Any views or opinions presented in this blog are solely those of the author and do not necessarily represent those of the company. This blog is a unique perspective of one persons journey into fitness. Not all clients and participants at Parsons Training undergo the same training, and each person makes his or her own decisions regarding dietary discretions.
By Steve Sharpton, Parsons Training Center, Tucson, Arizona
April 2, 2019
The last couple weeks, I have been talking about the importance of communal health, and how we should all start taking a firmer stance on the problems that are falling upon our country. Obesity, diabetes and heart disease are on the rise, and are still rarely talked about due to more popular talking points about pharmaceutical drug costs (mainly insulin) and addiction to pain killers. The reason why is because they are easy trigger points, where accusations can be levied against companies and levied against doctors or in some cases, the individual. Deceased musician/singer Prince is still a talking point in the opioid crisis, even though his story is a usual one amongst the masses. But opioid overdoses account for roughly 50,000 deaths a year while heart disease is still No. 1 with 600,000+. https://www.drugabuse.gov/drugs-abuse/opioids/opioid-overdose-crisisNow in a country of 300 million people, this does not seems like much, but you have to also count the millions of people living with heart disease and type 2 diabetes, and those numbers illustrate a massive problem in the country. Seems like something we should be talking about on a regular basis. But alas, let’s talk about the keto diet and the fake world of Instagram fitness influencers, who will say and take anything for a few bucks and also show you how to become one of these fakes. Either way, maintaining a healthy society is difficult when you have one part of a country that believes chicken fried anything should be on the menu and another portion of the country that has an empty cupboard by the end of the month and another portion of the country that doesn’t believe in cooking at all due to all of the restaurants and bars in their area. The United States has no national identity when it comes to cuisine, and while this is what makes the country great, it also makes it tough to come up with a healthy eating regimen that crosses all lines of ethnicity, socioeconomics and attainability. This is why I always think it is difficult to start a major fitness regimen.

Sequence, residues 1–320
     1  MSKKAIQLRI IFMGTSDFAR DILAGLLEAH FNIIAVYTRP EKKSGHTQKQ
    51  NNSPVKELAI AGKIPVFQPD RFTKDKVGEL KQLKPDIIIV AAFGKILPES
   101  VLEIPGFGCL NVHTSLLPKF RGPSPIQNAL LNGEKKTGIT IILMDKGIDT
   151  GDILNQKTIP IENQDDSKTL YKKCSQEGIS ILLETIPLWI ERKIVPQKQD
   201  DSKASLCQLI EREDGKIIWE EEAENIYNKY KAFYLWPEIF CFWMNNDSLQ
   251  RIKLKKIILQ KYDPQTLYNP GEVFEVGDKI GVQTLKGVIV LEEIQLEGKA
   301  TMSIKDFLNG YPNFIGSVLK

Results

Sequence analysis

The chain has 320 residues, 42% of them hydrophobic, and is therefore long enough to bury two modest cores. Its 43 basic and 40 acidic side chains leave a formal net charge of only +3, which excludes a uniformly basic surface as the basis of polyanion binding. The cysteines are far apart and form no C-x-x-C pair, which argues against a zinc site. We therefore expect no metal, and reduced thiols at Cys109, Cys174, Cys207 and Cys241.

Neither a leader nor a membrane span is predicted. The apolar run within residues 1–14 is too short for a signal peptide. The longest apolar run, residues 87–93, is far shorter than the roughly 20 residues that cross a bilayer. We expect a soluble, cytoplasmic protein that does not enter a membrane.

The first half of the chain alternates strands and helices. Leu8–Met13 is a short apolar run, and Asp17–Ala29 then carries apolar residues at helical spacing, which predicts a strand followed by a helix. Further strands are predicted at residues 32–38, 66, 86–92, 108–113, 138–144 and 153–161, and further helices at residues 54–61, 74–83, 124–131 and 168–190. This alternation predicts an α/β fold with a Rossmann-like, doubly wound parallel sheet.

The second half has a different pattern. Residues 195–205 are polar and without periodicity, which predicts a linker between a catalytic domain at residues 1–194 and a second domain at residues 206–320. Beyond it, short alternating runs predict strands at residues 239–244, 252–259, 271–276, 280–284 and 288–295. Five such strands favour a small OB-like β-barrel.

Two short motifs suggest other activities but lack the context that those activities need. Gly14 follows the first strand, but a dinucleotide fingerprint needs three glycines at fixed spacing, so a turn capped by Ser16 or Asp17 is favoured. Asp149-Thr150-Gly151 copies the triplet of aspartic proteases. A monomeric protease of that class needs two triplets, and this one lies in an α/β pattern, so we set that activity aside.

First of all, having the ability to pick some of the healthier foods at your supermarket can be a trick. I have only two major supermarket chains near my house. Food City is okay I guess, especially if you want to touch your inner latino thanks to a large selection of Mexican Pan Dulces and other staples, they seem to have less of a selection of healthier options. Fry’s is the other chain in my area. While the one next to my house is merely okay, the one that really fits my needs is a good 20 minutes away. Since I have a vehicle it makes it easy for me to go get some kosher couscous, fruit, high end hummus, organic almond butter and even Inari sushi (fried tofu stuffed with rice and sesame seeds!!!)….my situation is atypical. Most people don’t have the access or the money to get these items. The tough thing about your food regimen is most people oversimplify their food due to this lack of access, and this can lead to boredom with your diet and cause far too many “cheat meals” to get some taste in your regimen. Of course, my side of Tucson is problematic, for just about any chain franchise that takes up root in my area, it instantly becomes the most heavily supported restaurant in the city. I mean, Chili’s, Olive Garden, and even freaking Red Robin (which left the city for years) are constantly overflowing with people! I seriously Trader Joe’s or Sprouts would take root in my area….we need it! Either way, taking on healthier eating should start with portion control and the extreme reduction of certain foods. Avoid that extra portion (unless it is salad or fruits or hummus…hehe) and try your best to stay away from fast food and restaurants in general. I once wrote an article that the average caloric intake of a meal at a restaurant could be 1500 to 2500 calories due to the fact they will do more to make the food savory and electrocute your taste buds, which will make your brain remember how awesome the experience was and clamor for more.